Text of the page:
Presidents’ Day in a Fractured Republic

Presidents’ Day in a Fractured Republic
AP Photo/J. David Ake, File

The first Presidents’ Day of the Donald Trump era finds the country in the midst of what could be a steep increase in political division and fractiousness. But it is more than just a widening of the polarization between left and right, or an extra-long bitterness of a surprise election shock along with a president breaking new ground in executing the duties of the office. Conservatives remain as divided and disoriented over Trump as they were during the campaign season. But more than just Trump, conservatives are arguing amongst themselves about how Trump is catalyzing the revival of American nationalism.

Nationalism has been in a foul odor for a long time, seen as a cause of wars, chauvinism, and ethnic strife. American style patriotism—sometimes understood as “American exceptionalism”—has always been a remedy for the pitfalls of nationalism. But many liberals disdain American patriotism, too, in favor of a cosmopolitan transnationalism. That is one of the cultural affectations that Trump exploited so effectively in his campaign. Maybe the time is overdue for a recovery of an older American patriotism, which is not necessarily the same thing as nationalism.

The political philosopher Harry Jaffa argued that “Patriotism is civic friendship. Patriotism is the link between justice and friendship in its purest or transpolitical form.” But he also warned: “Those who see each other as utterly alien cannot be fellow citizens.” We’re close to that point where groups of Americans no longer recognize what we have in common with other Americans who hold different opinions on a range of issues. In his first inaugural address in 1801, Thomas Jefferson celebrated that “every difference of opinion is not a difference of principle.” Today this necessary condition of common citizenship is in peril.

Ronald Reagan liked to talk about what he called “informed patriotism,” by which he meant the self-conscious recollection of the fact that an American is a patriot not merely because he was born here, but because of the ideals of the country which makes it possible for anyone, as millions of immigrant have, to become an American in the meaningful sense of the term. “Europe was created by history,” Margaret Thatcher observed, but “America was created by philosophy.”

One of the better guides to meaningful patriotism is Walter Berns’s last book, Making Patriots. Berns noted that patriotism “is not natural, but has to be taught, or inculcated, or somehow acquired.” American patriotism is based on ideas, a fact best grasped by noting that, as Martin Diamond once pointed out, the terms “Americanism,” Americanization,” and “un-American” have no equivalents in other countries. “This is not by chance,” Berns noted, “or a matter of phonetics—Swissism? Englishization?—or mere habit. What would a Frenchman have to do in order to justify being labeled un-French? . . . An American patriot is a better patriot than a Spartan who loves his country simply because it's his country and doesn't know anything else.” Here I think we can begin to make out the distinction between nationalism however understood, and American patriotism.

Harry Jaffa and Walter Berns, who died coincidentally on the same day two years ago after decades of feuding with each other, found themselves in close agreement on this important subject. Both men liked to direct students to a particular passage from Abraham Lincoln’s eulogy to Henry Clay in 1852: “He loved his country partly because it was his own country, but mostly because it was a free country, and he burned with a zeal for its advancement, prosperity and glory, because he saw in such, the advancement, prosperity and glory, of human liberty, human right and human nature.”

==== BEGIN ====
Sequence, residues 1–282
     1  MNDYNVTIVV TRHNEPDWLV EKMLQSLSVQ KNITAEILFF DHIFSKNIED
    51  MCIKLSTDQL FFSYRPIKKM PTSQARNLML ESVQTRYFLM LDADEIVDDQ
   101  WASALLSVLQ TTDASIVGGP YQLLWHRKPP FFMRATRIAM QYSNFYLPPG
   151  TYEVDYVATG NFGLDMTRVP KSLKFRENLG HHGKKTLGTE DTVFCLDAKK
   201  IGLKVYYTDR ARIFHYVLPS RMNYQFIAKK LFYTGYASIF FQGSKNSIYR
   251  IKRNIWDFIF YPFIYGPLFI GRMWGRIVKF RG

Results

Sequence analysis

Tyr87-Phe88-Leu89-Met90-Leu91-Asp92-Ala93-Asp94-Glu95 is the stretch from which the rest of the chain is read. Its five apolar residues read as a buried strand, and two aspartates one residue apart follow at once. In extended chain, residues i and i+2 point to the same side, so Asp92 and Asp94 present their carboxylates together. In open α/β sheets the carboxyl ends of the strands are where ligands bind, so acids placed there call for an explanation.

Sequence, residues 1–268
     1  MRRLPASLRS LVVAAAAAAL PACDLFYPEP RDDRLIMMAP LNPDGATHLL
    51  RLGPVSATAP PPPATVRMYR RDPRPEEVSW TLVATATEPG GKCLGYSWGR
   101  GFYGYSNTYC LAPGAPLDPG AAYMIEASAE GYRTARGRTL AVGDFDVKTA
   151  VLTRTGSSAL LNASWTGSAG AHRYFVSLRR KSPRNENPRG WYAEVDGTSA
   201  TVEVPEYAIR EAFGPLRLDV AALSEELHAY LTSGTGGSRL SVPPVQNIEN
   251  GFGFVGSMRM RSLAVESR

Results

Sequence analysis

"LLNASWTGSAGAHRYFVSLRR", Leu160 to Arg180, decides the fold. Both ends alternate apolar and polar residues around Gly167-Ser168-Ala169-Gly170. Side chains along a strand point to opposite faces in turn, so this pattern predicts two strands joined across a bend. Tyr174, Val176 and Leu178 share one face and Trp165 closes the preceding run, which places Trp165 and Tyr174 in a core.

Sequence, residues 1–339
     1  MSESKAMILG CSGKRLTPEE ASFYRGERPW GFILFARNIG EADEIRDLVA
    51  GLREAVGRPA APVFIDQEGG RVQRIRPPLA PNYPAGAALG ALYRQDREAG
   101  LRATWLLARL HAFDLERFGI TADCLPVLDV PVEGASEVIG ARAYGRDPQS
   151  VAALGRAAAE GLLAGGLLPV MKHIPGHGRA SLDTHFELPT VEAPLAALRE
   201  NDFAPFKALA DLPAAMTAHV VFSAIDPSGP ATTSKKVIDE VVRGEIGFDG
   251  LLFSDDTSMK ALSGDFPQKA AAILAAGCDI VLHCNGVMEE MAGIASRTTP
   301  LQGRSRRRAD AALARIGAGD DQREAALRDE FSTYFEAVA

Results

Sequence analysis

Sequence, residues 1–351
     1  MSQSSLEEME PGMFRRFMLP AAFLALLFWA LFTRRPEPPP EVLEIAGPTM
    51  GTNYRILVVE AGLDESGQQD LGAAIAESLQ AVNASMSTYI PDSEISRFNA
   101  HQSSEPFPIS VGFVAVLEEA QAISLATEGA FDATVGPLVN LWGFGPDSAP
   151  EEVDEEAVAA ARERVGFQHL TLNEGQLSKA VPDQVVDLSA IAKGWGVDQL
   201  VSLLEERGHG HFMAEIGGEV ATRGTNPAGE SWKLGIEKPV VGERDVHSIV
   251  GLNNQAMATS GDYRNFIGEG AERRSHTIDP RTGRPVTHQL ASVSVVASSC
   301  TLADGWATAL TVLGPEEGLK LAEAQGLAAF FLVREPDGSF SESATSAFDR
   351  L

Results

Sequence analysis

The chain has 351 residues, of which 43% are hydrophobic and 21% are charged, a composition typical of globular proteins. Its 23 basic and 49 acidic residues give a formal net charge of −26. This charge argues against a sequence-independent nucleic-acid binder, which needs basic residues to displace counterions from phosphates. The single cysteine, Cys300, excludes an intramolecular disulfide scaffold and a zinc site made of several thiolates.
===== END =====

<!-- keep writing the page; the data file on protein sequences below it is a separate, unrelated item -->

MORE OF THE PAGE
What are some of the core ideas that have become lost or confused? The central idea is equality, as expressed in the Declaration of Independence and reaffirmed by Lincoln at Gettysburg. The idea of equality at the time of the founding was rooted in the equality of natural rights, which required respecting unequal results based on individual differences of effort and talent.

Today the principle of equality has slipped its moorings, and has become the scourge of our time, the founding modern principle for every conceivable grievance and demand for redress. The effacement of the distinction between natural rights and positive rights has opened the door to the endless expansion of “rights,” with the ultimate object of creating a “right” to other people’s property and, increasingly, and even the “right” to control other people’s speech. Alexis de Tocqueville predicted the passion for equality would become a “delirium,” in which equality would trump liberty: “But for equality they have an ardent, insatiable, eternal, invincible passion; they want equality in freedom, and, if they cannot get it, they still want it in slavery.” When groups or individuals make equality the basis for making claims and demands for the property of fellow citizens, the reality of common citizenship comes to an end.

At the time of the founding, several state constitutions began with the injunction, first voiced by George Mason, that “a frequent recurrence to fundamental principles” is necessary for the preservation of liberty and self-government. Presidents’ Day is a good time to take in this advice once again. Otherwise, the day will become yet another occasion for further division and erosion of our common citizenship.

Steven F. Hayward is a senior resident scholar at the Institute of Governmental Studies at UC Berkeley, and the author of Patriotism Is Not Enough: Harry Jaffa, Walter Berns, and the Arguments that Redefined American Conservatism, published this week by Encounter Books.

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